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Healthcare organizations depend on managers to build effective peer relationships to manage complex patient needs. Today, top management is fighting the many headed monster Hydra from Greek Mythology. The organization is steeped in conflict between peers. But, as soon as one problem is resolved, two more have grown in its place. These appear to be personal conflicts, but instead follow patterns of dysfunction. This book provides the conceptual frameworks for identifying these and for developing peer to peer relationship competence in the healthcare organization.

Inhaltsverzeichnis

Frontmatter

Introduction

Communication theory affirms that a phenomenon must be viewed from a wide enough perspective in order to make sense of it. For example, an aging patient with chronic illness may face health challenges but may also be battling with loneliness and a sense of isolation. Patients’ problems are broader than the scope of the organizations that treat them. Patients need professional relationships to cross the boundaries of departments and entire organizations in order to create a wide enough perspective to meet their needs.
Jennifer Landau, Elio Borgonovi

1. The Peer to Peer Relationship: The Blended Relationship

As health problems get more complex and people live longer, people’s health problems no longer fit neatly into the services provided by one division of the organization. An oncology patient can become diabetic. An obese patient can experience diabetes and heart disease. Problems of multi-dimensional chronic illness require services from different departments, even if the person experiencing these problems and receiving these services is one and the same.
Jennifer Landau, Elio Borgonovi

2. Managing the Relationship with Patients

“Illness is the night-side of life, a more onerous citizenship. Everyone who is born holds dual citizenship, in the kingdom of the well and in the kingdom of the sick. Although we all prefer to use only the good passport, sooner or later each of us is obliged, at least for a spell, to identify ourselves as citizens of that other place”.13
Jennifer Landau, Elio Borgonovi

3. The Non-cooperative Game, the Nash Theory of Equilibrium and Healthcare Management

In his Nobel prize winning work, John Nash observed relationships from a mathematical and economic perspective. He was interested in relationships not only between people, but between organizations, and countries. In the previous chapters, this book has observed relationships between people in organizations, Nash observed what he termed transactions between parties. He called the relationships that developed from the observation of these transactions “games”. Game theory studies relationships from a different perspective, and uses different terms to describe the same issues. Briefly, in translation, games are relationships, transactions are agreements and actions, parties are the actors in the relationship.
Jennifer Landau, Elio Borgonovi

4. Trust and Rational Choice

The previous chapters — on person-role blended relationship, the doctor-patient relationship, and healthcare management as a non-cooperative game — have identified the specific nature of healthcare management and the importance of communication theory, negotiation and cooperation among professionals, patients and their families. Another way of looking at these themes, in order to shed new light on healthcare management is to consider the importance of trust and rational choice.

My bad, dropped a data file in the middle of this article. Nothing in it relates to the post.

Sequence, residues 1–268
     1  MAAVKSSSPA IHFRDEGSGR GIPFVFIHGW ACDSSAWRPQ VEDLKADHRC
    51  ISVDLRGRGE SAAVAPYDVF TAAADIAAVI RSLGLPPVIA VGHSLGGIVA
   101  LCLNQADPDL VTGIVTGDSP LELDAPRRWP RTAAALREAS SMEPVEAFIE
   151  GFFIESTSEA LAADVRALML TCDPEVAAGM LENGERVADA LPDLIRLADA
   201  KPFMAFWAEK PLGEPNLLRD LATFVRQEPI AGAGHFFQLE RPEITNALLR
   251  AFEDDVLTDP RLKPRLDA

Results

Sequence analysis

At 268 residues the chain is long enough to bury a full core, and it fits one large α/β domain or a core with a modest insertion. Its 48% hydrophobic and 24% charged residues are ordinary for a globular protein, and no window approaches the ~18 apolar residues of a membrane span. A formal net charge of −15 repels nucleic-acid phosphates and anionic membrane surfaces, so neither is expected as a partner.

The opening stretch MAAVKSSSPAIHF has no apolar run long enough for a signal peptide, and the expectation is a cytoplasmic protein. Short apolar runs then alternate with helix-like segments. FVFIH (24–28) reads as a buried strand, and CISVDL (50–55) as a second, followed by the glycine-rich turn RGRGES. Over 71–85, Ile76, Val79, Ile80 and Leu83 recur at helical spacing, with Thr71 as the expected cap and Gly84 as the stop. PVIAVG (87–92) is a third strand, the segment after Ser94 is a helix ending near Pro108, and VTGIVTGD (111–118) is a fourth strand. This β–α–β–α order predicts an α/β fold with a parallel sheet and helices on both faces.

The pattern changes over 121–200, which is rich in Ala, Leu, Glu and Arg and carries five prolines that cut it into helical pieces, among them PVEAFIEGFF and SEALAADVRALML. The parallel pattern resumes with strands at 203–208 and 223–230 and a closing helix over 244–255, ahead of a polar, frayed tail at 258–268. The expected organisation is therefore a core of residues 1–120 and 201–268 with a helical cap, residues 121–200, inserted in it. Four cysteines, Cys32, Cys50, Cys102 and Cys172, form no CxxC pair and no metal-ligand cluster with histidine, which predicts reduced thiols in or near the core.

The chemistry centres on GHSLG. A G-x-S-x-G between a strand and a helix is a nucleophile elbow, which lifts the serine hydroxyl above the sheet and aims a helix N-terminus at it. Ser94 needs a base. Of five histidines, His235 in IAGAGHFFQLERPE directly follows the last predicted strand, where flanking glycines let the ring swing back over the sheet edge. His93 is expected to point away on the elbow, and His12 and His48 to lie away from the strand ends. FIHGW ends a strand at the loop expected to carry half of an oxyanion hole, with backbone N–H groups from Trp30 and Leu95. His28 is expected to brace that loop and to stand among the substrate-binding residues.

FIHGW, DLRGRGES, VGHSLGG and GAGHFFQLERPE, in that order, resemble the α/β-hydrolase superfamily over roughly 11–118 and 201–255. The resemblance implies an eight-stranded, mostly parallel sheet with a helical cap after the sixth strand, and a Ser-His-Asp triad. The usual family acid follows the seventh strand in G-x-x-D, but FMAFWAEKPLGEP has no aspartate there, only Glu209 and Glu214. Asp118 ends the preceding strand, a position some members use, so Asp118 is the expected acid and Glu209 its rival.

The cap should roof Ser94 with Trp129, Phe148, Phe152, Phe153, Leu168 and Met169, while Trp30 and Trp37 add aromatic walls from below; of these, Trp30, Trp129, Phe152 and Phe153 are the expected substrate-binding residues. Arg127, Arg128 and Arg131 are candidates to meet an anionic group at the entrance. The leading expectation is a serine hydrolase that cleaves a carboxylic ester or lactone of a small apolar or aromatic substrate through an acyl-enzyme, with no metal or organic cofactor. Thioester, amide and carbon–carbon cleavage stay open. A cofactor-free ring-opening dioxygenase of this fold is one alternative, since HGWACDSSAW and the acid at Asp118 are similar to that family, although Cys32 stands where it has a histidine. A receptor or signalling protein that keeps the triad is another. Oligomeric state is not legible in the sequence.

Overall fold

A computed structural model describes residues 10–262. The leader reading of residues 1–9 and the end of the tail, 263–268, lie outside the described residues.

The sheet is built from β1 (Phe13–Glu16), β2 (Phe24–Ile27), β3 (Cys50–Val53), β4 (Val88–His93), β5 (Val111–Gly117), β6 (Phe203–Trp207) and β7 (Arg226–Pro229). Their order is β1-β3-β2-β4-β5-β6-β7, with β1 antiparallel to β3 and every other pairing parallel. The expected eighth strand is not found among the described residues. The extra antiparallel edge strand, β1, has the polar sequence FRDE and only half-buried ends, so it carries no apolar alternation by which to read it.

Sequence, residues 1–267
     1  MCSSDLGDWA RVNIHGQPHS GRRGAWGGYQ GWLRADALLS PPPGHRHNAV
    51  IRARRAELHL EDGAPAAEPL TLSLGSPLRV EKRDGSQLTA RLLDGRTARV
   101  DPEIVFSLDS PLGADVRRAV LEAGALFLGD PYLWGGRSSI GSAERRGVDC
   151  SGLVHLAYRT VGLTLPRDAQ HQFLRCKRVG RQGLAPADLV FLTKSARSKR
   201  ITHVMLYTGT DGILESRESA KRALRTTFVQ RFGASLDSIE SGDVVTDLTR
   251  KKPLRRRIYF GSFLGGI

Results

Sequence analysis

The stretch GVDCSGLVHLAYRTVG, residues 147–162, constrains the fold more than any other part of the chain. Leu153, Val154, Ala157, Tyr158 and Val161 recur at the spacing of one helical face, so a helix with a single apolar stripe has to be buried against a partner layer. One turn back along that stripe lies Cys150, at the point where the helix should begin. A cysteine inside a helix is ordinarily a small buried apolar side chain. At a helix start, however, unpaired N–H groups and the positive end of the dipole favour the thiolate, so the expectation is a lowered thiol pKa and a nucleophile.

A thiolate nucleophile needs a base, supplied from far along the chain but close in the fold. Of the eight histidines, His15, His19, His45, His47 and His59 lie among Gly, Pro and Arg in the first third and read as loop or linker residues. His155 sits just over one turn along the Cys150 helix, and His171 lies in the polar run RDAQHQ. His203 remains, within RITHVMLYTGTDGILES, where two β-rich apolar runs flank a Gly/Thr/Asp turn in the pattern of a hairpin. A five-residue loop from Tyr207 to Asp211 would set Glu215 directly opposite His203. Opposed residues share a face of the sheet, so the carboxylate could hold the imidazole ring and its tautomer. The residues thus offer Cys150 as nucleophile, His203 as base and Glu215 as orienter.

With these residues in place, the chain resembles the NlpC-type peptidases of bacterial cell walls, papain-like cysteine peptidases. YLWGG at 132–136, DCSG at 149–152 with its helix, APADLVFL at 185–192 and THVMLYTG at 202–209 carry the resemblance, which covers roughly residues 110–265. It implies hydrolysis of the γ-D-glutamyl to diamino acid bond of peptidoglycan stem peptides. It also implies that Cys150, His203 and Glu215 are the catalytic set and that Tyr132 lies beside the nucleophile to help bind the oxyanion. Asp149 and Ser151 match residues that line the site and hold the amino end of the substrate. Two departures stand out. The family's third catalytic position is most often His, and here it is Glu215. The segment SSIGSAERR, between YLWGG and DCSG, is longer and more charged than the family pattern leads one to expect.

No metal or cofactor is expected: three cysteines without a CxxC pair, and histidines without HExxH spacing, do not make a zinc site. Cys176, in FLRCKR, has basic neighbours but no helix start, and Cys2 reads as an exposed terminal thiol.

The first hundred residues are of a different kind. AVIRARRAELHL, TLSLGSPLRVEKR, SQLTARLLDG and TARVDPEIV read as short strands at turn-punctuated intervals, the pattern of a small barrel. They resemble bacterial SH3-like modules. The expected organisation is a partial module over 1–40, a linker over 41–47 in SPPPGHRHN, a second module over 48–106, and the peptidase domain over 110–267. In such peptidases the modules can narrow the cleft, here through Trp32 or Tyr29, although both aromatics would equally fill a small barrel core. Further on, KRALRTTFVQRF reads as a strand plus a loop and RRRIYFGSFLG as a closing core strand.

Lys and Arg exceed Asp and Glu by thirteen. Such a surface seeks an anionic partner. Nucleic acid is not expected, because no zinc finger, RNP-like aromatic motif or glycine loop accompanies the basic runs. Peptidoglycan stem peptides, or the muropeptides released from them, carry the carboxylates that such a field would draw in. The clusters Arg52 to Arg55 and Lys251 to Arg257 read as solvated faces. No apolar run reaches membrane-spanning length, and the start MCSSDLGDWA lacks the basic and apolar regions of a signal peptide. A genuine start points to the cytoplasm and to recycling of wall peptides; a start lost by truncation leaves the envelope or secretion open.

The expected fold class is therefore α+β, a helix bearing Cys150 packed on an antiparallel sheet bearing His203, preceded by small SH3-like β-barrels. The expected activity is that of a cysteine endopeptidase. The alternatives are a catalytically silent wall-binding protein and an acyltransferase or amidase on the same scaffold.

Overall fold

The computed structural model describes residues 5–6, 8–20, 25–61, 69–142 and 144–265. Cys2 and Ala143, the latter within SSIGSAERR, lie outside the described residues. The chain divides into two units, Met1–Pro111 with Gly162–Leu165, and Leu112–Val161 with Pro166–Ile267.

Jennifer Landau, Elio Borgonovi

5. Building Relationships on the Model of Trust

This chapter will examine a practical application of the trust model. By building trust it is possible to disclose and learn about the real problems in healthcare management, for patients and physicians. This chapter describes a research project that was designed to build trust with informers and researchers alike, in order to learn about healthcare issues. The research model used the concept of trust not only to design the research question and questionnaires but to support the data collection process itself. This chapter will describe a study in Italy that investigated the communication process between patients and their oncologists over QoL issues. It will describe the importance of the trust model in designing research when patient participation is necessary.
Jennifer Landau, Elio Borgonovi

6. Managerial Competence: Peer to Peer Relationship Management Skills

The previous chapters have identified aspects of the healthcare organization that render the management function in this context an area of specialization with specific critical issues. The implication of the analysis is that management experience in other sectors and management tools need to be modelled and adapted to meet the healthcare challenge. In this chapter, the specific characteristics of the healthcare organization will be translated from characteristics that qualify the organization as special to the characteristics that make the management role special. The competence necessary for the healthcare manager will be explored. Two managerial roles will be identified: the healthcare professional and the manager.
Jennifer Landau, Elio Borgonovi

7. Conclusions: Management Education

As the population lives longer patients need to receive multi-disciplinary responses. If the organization is unable to build peer to peer relationships, patients are managing their own care. One out of two chronic patients is non-compliant. This is detrimental to providing appropriate care and to controlling its costs. The greatest opportunities for healthcare managers lie in making existent services appropriate, of high quality, and cost effective.
Jennifer Landau, Elio Borgonovi

Backmatter

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